The following day the ladies walked to Warm Hearth Bakery. Diana Taylor was at the shop with her new baby, Joey. The sisters oohed and aahed over the beautiful baby boy and inquired about little Iris who was happily attending school.
Hyacinth was looking over the array of cookies when Dahlia took Diana off to a corner of the store. Diana was so pretty and Dahlia was asking her advice about maybe changing her hairstyle and using just a touch of makeup. Diana thought Dahlia would look beautiful with her hair flowing and a bit of rouge on her lips and cheeks.
They excused themselves and went to the back room where Diana undid Dahlia's bun. Her hair flowed as though it was happy to be able to breathe. Diana took her scissors and trimmed just a little off the sides and gave Dahlia some wispy bangs. Then she brushed her cheeks with powder and a bit of red coloring. The final touch was pale pink lipstick. Diana handed Dahlia a small mirror. When she looked at herself, she couldn't believe it was her. She loved her new look but she dreaded facing Hyacinth.
Slowly she walked out of the back room and over to Hyacinth who was looking longingly at an apple pie. Hyacinth turned around and nodded to the young woman standing behind her. Dahlia spoke and Hyacinth nearly fainted when she realized the young woman was her sister.
“What have you done?” Hyacinth was grasping her chest. She thought her heart was going to burst it was beating so fast.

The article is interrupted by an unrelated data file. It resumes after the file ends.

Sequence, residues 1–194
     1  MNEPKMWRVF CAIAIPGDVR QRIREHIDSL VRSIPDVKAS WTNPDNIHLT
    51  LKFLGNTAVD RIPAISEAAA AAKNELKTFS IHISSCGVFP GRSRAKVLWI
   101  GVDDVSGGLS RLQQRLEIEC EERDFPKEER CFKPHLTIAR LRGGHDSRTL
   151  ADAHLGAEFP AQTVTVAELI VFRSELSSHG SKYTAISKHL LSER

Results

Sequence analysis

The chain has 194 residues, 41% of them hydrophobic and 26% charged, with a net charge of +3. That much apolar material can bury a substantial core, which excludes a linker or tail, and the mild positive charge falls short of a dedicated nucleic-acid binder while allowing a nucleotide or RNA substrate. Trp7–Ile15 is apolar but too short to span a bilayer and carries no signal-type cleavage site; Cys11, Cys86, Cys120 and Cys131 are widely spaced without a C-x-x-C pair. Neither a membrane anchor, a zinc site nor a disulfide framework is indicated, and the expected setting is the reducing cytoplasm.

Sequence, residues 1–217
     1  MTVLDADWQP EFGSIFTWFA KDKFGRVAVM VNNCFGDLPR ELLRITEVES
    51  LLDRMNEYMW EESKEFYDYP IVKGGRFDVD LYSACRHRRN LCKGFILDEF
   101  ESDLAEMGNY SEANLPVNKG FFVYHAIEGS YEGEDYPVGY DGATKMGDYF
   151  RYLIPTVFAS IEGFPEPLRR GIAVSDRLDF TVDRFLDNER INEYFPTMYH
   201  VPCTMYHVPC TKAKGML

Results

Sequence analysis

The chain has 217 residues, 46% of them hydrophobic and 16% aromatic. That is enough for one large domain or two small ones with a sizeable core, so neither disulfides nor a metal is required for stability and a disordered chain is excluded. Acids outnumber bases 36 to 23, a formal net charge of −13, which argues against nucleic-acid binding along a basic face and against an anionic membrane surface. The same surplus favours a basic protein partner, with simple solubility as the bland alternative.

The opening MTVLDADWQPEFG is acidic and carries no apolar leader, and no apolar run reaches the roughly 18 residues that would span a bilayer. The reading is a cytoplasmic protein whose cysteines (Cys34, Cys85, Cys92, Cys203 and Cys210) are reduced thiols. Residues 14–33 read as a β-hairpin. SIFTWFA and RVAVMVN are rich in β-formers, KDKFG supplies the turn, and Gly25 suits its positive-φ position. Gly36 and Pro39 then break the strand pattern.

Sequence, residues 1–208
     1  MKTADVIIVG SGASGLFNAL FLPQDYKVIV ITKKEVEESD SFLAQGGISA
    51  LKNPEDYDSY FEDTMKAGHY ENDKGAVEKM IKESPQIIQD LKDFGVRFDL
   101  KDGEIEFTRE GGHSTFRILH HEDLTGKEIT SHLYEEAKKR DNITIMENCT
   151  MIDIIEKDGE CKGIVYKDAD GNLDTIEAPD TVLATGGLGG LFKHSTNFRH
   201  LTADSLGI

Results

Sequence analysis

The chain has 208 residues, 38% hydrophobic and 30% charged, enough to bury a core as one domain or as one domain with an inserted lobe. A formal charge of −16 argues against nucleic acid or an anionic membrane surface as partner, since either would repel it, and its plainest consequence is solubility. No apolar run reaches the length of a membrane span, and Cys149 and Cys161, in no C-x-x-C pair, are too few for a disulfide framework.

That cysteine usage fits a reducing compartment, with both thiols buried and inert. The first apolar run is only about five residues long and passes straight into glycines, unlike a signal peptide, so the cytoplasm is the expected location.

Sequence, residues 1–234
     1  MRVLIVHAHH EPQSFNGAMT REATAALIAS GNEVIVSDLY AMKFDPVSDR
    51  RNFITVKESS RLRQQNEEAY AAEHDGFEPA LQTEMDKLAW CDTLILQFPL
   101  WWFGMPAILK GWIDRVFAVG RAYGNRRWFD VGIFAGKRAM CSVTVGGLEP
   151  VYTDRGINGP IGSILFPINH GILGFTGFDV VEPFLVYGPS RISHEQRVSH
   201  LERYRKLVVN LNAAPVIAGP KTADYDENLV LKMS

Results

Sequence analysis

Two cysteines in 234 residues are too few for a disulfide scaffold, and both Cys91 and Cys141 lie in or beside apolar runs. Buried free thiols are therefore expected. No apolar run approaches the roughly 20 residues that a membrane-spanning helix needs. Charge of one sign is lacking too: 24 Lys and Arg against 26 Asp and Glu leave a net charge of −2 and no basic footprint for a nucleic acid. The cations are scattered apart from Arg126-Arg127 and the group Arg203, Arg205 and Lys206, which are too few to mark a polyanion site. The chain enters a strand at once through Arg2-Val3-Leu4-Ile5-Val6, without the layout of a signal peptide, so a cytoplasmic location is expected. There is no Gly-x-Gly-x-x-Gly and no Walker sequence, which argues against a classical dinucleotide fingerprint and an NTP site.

Diana tried to calm Hyacinth down but to no avail. Hyacinth marched out of the store forgetting all about the apple pie. Dahlia was fighting back tears. She loved her sister but she was tired of being known as one of the plain Bloom sisters. She was tired of always dressing in quilts. She wanted to be fashionable. She confided in Diana that she had taken a shine to Mr. Harold Hightower and wanted to look appealing when he came to town next week. Diana didn't want to burst Dahlia's bubble, but she didn't think a traveling salesman would be the type who would settle down in a small town like Camden Corners .
Dahlia settled in her room above the quilt shop, found some pretty fabrics and lace and proceeded to sew herself some new stylish dresses. Hyacinth was in the quilt shop rearranging all the quilts and materials. She couldn't believe her sister was acting like such a fool. The more she thought about the spectacle Dahlia was making of herself, the madder she got.